VoIP startup Jaxtr said today that it has attracted 5 million registered members, up from 500,000 users 140 day ago, making the company “the fastest-growing Internet communications service in history — ahead of Skype, Hotmail and ICQ,” according to its press release. But where is the […]

VoIP startup Jaxtr said today that it has attracted 5 million registered members, up from 500,000 users 140 day ago, making the company “the fastest-growing Internet communications service in history — ahead of Skype, Hotmail and ICQ,” according to its press release.

But where is the money?

Jaxtr logoYou might think that scaling to meet the needs of these millions of users represents Jaxtr’s biggest challenge. Indeed, Jaxtr expresses concern in its announcement over its ability to meet user demand. To that end, it recently hired Taneli Otala, former CTO of MySQL, as VP of engineering.

But Jaxtr has bigger problems than scaling and tuning their systems for millions of users. To make Jaxtr a real business, they need to convert sign-ups into satisfied users, and from there, transform those users into customers who pay.

Even then, there are no guarantees Jaxtr will succeed. If the promise is cheap calling, it’s just the same old VoIP thing.

How Jaxtr works

Jaxtr widgetJaxtr offers free international calls via a web-based widget. To use it, you sign up for an account then publish your Jaxtr widget on your blog, web site, or social networking profile page. You can also email callers a link to your Jaxtr page, which shows the widget. Callers click on the widget, enter their phone numbers, then Jaxtr rings the caller phone and your phone to connect you with one another.

If the caller is located in one of 50 supported countries, they will be given a local phone number they can use to call you next time — without paying long-distance charges. Otherwise, they will be provided with a U.S. number.

Each Jaxtr user gets 100 “jax” a month. Jax represent a Jaxtr-specific currency that is exchanged for minutes at different rates in different countries. Currently, once you run out of jax you have to wait until the next month to get more. In the future, you’ll be able to buy jax — and that, along with web and mobile advertising, is where Jaxtr plans to get its revenue.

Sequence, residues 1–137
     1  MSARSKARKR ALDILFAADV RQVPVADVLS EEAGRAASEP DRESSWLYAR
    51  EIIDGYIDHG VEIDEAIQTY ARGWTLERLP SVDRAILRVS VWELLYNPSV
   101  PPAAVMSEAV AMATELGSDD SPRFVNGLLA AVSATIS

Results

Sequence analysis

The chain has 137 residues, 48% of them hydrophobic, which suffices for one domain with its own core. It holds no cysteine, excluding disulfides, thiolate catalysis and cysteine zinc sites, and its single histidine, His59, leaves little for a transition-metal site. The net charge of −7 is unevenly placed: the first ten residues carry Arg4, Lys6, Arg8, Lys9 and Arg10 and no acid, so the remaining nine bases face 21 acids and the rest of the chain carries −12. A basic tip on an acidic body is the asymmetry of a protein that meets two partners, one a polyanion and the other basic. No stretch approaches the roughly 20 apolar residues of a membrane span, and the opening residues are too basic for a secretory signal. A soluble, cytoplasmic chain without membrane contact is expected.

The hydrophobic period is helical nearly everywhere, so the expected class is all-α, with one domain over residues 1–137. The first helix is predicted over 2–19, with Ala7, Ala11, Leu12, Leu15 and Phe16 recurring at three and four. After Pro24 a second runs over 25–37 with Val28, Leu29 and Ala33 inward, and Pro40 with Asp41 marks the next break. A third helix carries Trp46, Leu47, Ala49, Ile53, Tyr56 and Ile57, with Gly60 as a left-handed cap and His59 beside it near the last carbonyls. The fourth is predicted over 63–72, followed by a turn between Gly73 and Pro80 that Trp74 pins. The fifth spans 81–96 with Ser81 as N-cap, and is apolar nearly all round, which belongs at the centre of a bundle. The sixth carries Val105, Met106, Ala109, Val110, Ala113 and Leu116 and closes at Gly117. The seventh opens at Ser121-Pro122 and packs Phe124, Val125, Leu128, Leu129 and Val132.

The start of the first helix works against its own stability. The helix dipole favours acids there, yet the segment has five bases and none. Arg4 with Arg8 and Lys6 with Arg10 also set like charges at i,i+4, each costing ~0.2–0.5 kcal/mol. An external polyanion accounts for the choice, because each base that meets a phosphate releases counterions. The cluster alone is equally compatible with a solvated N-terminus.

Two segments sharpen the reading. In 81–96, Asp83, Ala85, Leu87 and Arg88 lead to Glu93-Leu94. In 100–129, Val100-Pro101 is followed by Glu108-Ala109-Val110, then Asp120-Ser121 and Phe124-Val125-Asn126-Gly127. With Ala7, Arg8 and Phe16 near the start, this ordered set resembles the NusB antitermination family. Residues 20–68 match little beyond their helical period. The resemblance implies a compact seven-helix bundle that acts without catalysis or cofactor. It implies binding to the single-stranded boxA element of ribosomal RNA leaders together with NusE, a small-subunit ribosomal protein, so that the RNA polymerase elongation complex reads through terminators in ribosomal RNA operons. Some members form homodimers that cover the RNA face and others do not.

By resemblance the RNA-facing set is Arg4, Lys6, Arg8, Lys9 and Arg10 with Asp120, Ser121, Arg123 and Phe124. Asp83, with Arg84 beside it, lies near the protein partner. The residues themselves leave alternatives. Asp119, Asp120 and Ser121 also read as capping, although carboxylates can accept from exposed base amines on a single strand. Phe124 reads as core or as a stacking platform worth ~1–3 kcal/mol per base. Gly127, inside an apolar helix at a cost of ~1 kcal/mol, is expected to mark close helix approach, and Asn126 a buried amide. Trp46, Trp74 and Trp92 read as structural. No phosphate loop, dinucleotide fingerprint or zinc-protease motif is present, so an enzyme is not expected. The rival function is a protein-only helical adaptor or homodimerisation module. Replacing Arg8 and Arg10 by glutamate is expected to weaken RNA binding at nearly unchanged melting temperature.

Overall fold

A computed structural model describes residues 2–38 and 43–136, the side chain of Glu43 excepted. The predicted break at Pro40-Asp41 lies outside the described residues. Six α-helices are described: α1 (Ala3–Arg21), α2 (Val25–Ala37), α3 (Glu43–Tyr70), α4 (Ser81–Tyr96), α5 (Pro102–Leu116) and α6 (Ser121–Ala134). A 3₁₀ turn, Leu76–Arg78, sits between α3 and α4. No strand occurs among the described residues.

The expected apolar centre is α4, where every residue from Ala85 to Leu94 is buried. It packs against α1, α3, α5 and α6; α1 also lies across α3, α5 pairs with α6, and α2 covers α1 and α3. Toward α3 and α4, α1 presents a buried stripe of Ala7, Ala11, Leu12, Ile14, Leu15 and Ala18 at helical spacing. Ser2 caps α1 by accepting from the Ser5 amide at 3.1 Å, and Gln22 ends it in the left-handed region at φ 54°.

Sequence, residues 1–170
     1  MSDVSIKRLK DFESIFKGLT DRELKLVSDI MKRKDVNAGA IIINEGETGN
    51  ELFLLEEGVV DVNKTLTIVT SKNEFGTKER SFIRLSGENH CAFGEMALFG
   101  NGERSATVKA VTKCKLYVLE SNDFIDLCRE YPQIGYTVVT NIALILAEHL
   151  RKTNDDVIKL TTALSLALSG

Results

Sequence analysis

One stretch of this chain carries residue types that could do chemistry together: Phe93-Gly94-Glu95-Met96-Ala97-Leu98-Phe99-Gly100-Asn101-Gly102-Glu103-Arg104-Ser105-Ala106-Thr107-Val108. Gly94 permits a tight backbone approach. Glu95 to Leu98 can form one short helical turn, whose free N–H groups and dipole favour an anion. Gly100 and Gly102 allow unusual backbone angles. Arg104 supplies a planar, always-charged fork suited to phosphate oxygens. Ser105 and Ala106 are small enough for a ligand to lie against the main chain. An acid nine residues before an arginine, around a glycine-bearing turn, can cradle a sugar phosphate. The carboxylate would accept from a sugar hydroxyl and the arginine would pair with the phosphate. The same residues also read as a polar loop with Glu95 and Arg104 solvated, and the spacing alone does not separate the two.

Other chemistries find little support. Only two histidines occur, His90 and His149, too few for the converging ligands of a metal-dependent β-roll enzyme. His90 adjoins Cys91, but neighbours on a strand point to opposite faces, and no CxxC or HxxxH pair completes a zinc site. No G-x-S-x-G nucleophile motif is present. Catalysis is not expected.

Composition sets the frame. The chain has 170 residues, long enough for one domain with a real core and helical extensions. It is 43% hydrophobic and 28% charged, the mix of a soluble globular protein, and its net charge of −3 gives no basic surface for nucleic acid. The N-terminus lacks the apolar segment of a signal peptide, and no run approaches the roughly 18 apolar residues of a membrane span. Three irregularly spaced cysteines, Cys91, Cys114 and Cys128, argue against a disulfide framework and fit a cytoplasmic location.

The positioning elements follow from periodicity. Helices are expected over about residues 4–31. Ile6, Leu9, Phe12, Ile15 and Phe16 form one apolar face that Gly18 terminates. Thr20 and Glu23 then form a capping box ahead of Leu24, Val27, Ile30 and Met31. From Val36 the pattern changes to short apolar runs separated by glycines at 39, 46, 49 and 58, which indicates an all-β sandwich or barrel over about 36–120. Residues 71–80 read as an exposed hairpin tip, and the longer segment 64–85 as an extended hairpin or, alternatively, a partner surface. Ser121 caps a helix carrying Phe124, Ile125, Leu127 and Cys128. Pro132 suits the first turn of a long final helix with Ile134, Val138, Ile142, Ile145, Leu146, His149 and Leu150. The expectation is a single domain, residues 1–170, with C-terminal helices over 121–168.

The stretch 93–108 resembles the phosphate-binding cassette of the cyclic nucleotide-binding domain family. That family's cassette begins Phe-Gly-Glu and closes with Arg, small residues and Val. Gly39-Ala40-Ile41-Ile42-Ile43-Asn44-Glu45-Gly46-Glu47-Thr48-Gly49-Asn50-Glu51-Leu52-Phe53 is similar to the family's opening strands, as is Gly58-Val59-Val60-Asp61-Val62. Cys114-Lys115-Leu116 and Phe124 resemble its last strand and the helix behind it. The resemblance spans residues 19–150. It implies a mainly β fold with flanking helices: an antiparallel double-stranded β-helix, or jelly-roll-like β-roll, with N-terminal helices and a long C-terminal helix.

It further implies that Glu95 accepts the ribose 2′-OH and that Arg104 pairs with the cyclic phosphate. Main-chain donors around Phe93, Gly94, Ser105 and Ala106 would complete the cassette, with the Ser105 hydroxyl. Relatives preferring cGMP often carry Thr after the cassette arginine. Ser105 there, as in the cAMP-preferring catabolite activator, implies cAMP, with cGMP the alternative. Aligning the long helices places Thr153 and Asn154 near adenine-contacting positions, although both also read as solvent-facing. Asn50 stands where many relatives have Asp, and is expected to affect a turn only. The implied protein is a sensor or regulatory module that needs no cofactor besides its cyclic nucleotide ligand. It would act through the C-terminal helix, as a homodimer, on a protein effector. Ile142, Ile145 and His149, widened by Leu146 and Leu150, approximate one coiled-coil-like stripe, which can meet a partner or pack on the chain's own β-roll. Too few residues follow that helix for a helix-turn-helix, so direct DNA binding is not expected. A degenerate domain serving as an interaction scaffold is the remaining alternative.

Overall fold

The big challenge for Jaxtr: Turning try it into buy it

It’s no surprise that Jaxtr is seeing so many sign-ups: the promise of free international calls, mobile-to-mobile, is compelling. And compared to Skype, Jaxtr doesn’t require any special client software. A caller simply uses the widget once, then subsequently dials the number the widget gave them for future calls. But turning registered members into ongoing users — and paying customers — won’t be quite as easy.

First, the Jaxtr service is somewhat complicated, as a quick glance at the frequently-asked questions list proves. Plus, though it does provide for mobile-to-mobile calls, the first time a caller uses it, he or she must use that web widget.

Second and more importantly, there are doubts as to whether the Jaxtr money-making math adds up. The company must be spending some serious cash on those local numbers it gives out, as well as on connecting phone calls. Will they be able to come up with a pricing scheme for jax that makes the business economically feasible?

Five million users is impressive, but how hard can it be to find 5 million people that want mobile-to-mobile international calls for free?

  1. Interesting to see that someone is really getting into the revenue aspect of click to call companies. How will they make money, especially since they charge twice – read http://blog.tringme.com/are-you-paying-double-for-your-phone-calls/ and companies like flash phone and tringme are offering flash based service and web-based telephony at half the rate and I am doubtful that even they will be making any money. Are these companies merely trying to create a user base ??